Alan Ball was known for his masterful use of music in Six Feet Under. He's lost none of his touch when it comes to his current HBO series, True Blood - which happens to be set in the Louisiana swamps, not terribly far from Houston.
Season 3, Episode 12: "Evil"
It's weird, y'know? When Alan Ball was doing Six Feet Under, he turned out what may be the absolute best season/series finale of all time in that show's fifth season. He just can't seem to get there in True Blood - thus far, every season has ended on a very "meh" kind of feeling.
This time around, Sookie (Anna Paquin) has thrown Vampire Bill (Stephen Moyer) out of her life again, the season's big bad was encased alive in concrete, which cannot possibly come back to haunt our protagonists, and basically a whole bunch of storylines come to their absolutely predictable endings.
Oh, and Sookie dresses like frakkin' Tinkerbell and disappears into fairy light in a graveyard that we swear was lifted straight from the set of Buffy the Vampire Slayer.
All and all though, it was a hell of a season with good stories, good boobs, good blood and good music.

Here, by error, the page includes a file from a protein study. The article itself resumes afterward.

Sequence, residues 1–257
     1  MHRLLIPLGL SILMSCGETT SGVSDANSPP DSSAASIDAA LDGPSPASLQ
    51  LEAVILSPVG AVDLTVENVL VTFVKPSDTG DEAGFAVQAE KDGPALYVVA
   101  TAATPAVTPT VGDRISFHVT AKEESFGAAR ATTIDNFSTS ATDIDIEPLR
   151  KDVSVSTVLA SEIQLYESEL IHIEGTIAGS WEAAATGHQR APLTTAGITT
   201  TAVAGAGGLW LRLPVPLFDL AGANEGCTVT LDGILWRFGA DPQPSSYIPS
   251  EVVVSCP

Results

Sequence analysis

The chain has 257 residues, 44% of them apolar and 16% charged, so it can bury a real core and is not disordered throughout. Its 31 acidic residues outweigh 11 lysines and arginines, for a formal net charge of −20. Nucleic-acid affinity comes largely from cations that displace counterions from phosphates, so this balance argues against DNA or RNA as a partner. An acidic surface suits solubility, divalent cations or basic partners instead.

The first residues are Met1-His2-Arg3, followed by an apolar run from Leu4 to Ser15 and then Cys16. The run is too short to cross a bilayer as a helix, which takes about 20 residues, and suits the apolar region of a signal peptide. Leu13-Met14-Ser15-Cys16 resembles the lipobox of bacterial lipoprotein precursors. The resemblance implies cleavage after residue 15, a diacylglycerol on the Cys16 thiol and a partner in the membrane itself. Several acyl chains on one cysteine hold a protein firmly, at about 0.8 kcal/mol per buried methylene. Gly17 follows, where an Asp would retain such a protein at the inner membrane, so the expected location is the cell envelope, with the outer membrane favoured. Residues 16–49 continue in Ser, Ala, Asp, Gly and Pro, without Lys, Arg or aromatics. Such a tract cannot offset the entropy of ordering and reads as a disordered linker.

Jace Everett, best known for composing the incredible True Blood theme song, "Bad Things," is the one to take us one out of season three with the help of C. C. Adcock and an old Howlin' Wolf tune called "Evil."
Howlin' Wolf was the blues musician without the blues life, at least when he got grown, that is. Before that, he was kicked out of several homes until he settled in happily with his dad's large family. Later in life, at the peak of his career, he tried to make amends with his mother who had earlier disowned him, but she refused to take any of his money or see him since he was employed making "The Devil's Music."
All that makes for a very blues life, but unlike most other bluesmen of the '50s and '60s, Wolf found love, stayed away from alcohol and drugs, lived frugally, basked in the admiration of luminaries like the Rolling Stones and Eric Clapton, and basically lived long and died happy.
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Everett has taken Wolf's old standard and, well, made it a Jace Everett song. It's still got that solid blues backbeat, but the creepy has been upped considerably. Thanks to an HBO short special, we actually got to go behind the scenes and check out the recording process. One of the things that really gives the song a third testicle is Everett singing a backing track directly into the pick-ups of his guitar.
The end result sounds like the voice of Beelzebub, and forms an amazing contrast to Everett's otherwise crystal-clear growl and the soft, child-like cry of "evil" that makes up the backing vocals in the chorus. All in all, another stellar bit of devil's music from the Nick Cave of the American South.
And another great season of True Blood. See you fangers next year.
Be sure to visit the Loving True Blood in Dallas blog, where Jef With One F is a semi-regular contributor to the podcast this season.